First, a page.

Unmailed letters exist in the everyday world, in some sort of objective reality, yet unwritten letters exist only in the mind. The title of the story is strategic; it forces the reader into the uncomfortable role of voyeur. As the reader looks over the shoulder of the writer of these “letters,” the reader is actually looking into her mind, reading her fears and desires. Because of this, the action of the story is not sequential but psychological.
In the first letter, addressed to her parents, the narrator discusses a change of doctors and dentists. The banality of this first paragraph (“everything is lovely here and I hope the same with you”) acts as a foil to the remainder of the letter. That is, the first paragraph is recognizable as a letter, perhaps “unmailed,” but the second paragraph is truly “unwritten” thoughts directed at the narrator’s parents. The change is obvious both in the subject matter (“your courage, so late in life, to take on space”) and in diction (“I think of you and I think of protoplasm being drawn off into space”). Such is the tension between writing and thought that the reader must continually bear in mind.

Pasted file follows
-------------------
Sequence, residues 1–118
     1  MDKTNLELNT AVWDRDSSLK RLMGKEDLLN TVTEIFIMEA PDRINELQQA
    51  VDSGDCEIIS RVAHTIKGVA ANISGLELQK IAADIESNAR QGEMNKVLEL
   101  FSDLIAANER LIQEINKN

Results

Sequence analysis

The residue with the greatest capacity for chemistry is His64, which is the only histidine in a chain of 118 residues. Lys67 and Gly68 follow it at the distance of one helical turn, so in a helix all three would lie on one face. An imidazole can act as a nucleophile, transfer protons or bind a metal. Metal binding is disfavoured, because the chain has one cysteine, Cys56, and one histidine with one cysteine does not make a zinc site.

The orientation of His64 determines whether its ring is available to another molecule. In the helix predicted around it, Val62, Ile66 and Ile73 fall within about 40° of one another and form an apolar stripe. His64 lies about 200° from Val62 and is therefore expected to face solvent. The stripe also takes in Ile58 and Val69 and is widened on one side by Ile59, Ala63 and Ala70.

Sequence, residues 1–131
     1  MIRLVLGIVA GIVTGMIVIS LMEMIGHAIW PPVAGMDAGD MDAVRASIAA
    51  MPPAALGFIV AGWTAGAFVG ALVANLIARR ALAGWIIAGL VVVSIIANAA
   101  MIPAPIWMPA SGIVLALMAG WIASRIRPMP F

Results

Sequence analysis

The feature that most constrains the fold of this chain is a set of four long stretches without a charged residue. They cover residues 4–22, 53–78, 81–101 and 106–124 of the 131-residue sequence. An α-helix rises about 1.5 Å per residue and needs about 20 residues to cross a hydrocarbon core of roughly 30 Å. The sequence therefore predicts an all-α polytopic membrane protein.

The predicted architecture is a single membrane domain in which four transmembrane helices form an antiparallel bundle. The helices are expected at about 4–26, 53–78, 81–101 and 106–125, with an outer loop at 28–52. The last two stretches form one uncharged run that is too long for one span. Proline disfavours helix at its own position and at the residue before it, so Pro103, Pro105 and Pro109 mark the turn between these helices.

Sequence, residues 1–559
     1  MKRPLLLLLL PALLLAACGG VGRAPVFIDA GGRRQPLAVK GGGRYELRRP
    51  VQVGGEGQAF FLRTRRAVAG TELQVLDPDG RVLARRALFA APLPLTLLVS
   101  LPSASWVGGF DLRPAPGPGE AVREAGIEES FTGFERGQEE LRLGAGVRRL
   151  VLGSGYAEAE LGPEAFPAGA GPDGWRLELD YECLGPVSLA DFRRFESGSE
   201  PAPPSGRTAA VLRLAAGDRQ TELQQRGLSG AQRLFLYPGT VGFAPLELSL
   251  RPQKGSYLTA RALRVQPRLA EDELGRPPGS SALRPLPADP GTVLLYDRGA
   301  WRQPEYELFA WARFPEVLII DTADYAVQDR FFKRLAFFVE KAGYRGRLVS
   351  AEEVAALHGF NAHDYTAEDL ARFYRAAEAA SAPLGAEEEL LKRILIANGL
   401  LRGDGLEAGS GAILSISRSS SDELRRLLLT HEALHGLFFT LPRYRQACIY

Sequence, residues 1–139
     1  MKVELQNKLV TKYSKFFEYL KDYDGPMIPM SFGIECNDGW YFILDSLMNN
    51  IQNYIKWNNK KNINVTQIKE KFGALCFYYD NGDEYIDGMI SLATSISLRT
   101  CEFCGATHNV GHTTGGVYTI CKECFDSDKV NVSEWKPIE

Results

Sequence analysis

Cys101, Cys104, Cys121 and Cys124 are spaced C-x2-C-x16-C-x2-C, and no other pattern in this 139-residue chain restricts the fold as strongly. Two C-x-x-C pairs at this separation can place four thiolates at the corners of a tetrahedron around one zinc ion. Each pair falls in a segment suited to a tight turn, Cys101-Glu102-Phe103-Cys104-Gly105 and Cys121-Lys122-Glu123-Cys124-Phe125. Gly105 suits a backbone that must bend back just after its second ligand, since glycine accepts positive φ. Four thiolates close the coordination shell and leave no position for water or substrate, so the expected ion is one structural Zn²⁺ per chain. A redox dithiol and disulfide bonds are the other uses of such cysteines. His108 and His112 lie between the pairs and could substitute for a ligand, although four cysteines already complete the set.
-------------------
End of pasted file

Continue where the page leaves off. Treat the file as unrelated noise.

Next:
The second letter addresses Marsha Katz, who, it seems, has been sending odd gifts anonymously to the narrator. The narrator and Marsha’s father are having an affair; the precocious daughter is trying to incite guilt feelings in the narrator. At times the narrator tries to “read” the little girl’s meanings, to interpret her stories; one story deals with a dead white kitten, representing (the narrator thinks) the victimized daughter herself.
She “writes” to Greg, her husband, next. The letter is an attempt to remember...
(The entire section is 704 words.)